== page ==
Dumbledore brave, brilliant; why not gay: Rowling

TORONTO (Reuters) - J.K. Rowling, whose Harry Potter series made her the first billionaire author, said on Tuesday she was surprised at the fuss surrounding her announcement the boy wizard’s head teacher, Albus Dumbledore, was gay.

J.K. Rowling of the popular Harry Potter book series speaks at a news conference after accepting the Order of the Forest award, which was given to her for encouraging her publishers to print her books on environmental friendly paper, in Toronto October 23, 2007. Rowling said on Tuesday she was surprised at the fuss surrounding her announcement the boy wizard's head teacher, Albus Dumbledore, was gay. REUTERS/Mark Blinch

“It has certainly never been news to me that a brave and brilliant man could love other men,” Rowling told a news conference in Toronto, where she is attending an authors’ festival.

Rowling, a mother-of-three, made the surprise revelation in New York on Friday, during her first U.S. tour in seven years.

She said Dumbledore was once infatuated with the winsome wizard Gellert Grindelwald, but the two became rivals when Grindelwald turned out to be more interested in the dark than the good arts. Dumbledore went on to destroy Grindelwald.

Reaction has been mainly supportive on fans’ Web sites, such as The Leaky Cauldron (, where news of Dumbledore’s outing has drawn more than 3,000 comments.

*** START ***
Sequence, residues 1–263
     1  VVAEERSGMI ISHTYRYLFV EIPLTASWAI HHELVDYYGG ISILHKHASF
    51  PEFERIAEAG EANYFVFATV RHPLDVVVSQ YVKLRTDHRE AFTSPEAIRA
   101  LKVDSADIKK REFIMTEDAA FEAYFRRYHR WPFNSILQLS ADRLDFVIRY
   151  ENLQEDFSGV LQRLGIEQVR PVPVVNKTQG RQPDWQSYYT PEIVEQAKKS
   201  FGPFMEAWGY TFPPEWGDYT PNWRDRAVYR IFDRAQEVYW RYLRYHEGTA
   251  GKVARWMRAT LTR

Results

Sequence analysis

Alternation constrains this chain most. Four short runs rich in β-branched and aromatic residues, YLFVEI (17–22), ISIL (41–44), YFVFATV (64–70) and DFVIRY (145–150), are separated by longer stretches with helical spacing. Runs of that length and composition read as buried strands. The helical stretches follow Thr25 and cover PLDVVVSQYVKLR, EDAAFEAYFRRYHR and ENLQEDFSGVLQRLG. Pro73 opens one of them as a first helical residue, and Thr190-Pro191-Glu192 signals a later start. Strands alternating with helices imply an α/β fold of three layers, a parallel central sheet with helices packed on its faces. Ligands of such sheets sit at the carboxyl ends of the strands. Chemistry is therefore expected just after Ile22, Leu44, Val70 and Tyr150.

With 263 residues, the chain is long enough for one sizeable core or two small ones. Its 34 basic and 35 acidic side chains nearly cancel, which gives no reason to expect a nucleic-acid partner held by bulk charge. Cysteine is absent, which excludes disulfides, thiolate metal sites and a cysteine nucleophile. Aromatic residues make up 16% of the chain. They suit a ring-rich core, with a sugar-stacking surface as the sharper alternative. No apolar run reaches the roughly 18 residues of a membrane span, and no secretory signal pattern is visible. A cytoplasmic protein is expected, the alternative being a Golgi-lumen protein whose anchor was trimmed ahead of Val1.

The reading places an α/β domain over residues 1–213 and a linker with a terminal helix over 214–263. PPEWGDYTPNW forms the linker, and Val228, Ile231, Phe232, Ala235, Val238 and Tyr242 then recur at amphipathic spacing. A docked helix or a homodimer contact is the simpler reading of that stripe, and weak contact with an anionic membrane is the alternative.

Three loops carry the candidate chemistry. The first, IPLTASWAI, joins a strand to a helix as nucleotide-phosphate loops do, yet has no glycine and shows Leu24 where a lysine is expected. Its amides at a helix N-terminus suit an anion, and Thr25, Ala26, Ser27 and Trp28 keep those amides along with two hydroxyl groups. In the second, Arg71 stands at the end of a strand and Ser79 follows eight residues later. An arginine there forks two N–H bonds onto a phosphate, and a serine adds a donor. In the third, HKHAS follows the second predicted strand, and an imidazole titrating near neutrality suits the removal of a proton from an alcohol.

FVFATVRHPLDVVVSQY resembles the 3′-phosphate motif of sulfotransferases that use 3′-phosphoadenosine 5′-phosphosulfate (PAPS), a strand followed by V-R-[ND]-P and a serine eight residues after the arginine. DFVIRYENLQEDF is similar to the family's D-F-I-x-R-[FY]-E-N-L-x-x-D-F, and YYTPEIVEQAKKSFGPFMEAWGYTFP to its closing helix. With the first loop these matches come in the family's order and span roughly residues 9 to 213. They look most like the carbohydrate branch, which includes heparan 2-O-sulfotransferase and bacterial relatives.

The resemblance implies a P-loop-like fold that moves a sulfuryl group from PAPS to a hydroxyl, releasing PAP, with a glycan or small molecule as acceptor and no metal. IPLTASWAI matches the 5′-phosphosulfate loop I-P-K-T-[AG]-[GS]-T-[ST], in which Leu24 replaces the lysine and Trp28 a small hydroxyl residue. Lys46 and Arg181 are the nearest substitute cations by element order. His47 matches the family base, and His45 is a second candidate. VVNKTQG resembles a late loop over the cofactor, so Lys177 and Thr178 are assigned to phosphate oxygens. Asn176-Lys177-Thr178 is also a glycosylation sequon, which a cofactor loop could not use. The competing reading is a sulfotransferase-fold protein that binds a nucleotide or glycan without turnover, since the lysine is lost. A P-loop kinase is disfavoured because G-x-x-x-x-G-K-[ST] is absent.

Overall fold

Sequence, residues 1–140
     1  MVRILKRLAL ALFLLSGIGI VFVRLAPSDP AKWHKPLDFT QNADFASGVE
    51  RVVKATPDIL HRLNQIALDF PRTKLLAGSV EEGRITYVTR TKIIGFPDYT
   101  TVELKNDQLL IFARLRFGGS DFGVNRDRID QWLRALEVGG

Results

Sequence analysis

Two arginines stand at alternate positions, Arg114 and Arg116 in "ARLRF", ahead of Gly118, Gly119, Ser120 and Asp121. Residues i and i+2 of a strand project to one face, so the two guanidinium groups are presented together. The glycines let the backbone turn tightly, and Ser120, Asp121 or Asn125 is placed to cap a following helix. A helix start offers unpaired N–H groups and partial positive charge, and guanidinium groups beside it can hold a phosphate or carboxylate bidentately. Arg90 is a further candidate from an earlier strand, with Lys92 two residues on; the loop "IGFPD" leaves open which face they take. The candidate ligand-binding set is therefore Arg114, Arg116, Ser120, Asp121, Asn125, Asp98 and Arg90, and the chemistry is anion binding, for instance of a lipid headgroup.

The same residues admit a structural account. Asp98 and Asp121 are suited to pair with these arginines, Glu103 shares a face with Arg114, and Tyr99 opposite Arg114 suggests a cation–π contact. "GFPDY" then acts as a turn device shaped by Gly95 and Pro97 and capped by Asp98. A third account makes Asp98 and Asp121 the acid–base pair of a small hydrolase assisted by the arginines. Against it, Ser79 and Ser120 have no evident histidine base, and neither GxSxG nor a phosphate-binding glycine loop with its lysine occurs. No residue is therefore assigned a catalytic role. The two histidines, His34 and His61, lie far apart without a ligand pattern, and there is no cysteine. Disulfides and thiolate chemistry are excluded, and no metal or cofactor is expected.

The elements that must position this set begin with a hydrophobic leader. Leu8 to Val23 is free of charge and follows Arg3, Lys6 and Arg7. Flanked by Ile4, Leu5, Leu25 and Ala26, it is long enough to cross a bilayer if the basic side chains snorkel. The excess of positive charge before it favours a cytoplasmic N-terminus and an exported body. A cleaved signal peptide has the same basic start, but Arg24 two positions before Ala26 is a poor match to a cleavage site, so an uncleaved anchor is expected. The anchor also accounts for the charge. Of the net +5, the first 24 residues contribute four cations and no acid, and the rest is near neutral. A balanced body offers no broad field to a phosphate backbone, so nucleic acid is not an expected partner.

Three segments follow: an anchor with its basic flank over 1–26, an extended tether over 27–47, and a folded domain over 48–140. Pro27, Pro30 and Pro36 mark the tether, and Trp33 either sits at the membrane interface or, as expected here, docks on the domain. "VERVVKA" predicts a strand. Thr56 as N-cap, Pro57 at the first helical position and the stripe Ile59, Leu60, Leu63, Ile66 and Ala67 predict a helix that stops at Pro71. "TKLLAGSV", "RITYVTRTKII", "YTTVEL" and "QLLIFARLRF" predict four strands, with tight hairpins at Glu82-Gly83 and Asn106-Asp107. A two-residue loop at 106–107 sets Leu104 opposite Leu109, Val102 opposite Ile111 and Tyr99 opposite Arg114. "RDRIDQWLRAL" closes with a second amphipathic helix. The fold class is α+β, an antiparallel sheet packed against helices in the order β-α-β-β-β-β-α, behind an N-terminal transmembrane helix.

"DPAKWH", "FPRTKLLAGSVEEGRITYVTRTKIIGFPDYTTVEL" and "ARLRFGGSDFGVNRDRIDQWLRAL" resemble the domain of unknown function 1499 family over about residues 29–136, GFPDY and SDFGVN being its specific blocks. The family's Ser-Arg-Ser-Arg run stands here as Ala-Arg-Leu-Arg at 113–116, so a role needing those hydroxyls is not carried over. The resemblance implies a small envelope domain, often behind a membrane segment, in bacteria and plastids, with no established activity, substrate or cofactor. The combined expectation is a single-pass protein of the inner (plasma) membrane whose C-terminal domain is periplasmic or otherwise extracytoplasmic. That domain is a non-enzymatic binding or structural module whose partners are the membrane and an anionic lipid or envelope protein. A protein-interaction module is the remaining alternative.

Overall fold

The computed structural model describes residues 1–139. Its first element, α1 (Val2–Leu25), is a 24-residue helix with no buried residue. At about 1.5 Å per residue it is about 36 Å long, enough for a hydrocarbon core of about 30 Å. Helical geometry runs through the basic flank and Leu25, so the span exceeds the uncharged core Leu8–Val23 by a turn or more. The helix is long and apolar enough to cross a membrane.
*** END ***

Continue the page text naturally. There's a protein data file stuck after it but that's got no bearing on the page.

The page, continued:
Rowling declined to say whether her “outing” of Dumbledore might alienate those who disapprove of homosexuality.

“He is my character. He is what he is and I have the right to say what I say about him,” she said.

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Rowling said she made no revelations about Dumbledore’s sexuality before Friday, because she had never before been asked directly.

“People wanted so much information in advance of the story, that just to keep my sanity and keep my eye on my own plot, I did not give masses away ahead of time,” she said.

The seventh and final book in the boy wizard series, “Harry Potter and the Deathly Hallows” became the fastest selling book in history upon its release in July, selling more than 11 million copies in the first 24 hours in Britain and the United States.

The fifth film of the series, “Harry Potter and the Order of the Phoenix”, received three nominations on Monday for Britain’s film awards, the Baftas.

Rowling said she “probably won’t” write a prequel to the series, but did not rule it out.

“Is that (a prequel) not a little bit ‘Star Wars Episode I’?” she quipped. “I’m not going to say ‘never’ because ‘never’ in my life acts as a red rag to bull and I’ve immediately wanted to do whatever it is I said never to.”

Rowling said she might work on a Potter encyclopedia for charity, but only after a long break.

“It’s like the break-up of a marriage. It’s a good idea not to see each other for a while, then maybe you can be good friends afterwards,” she said.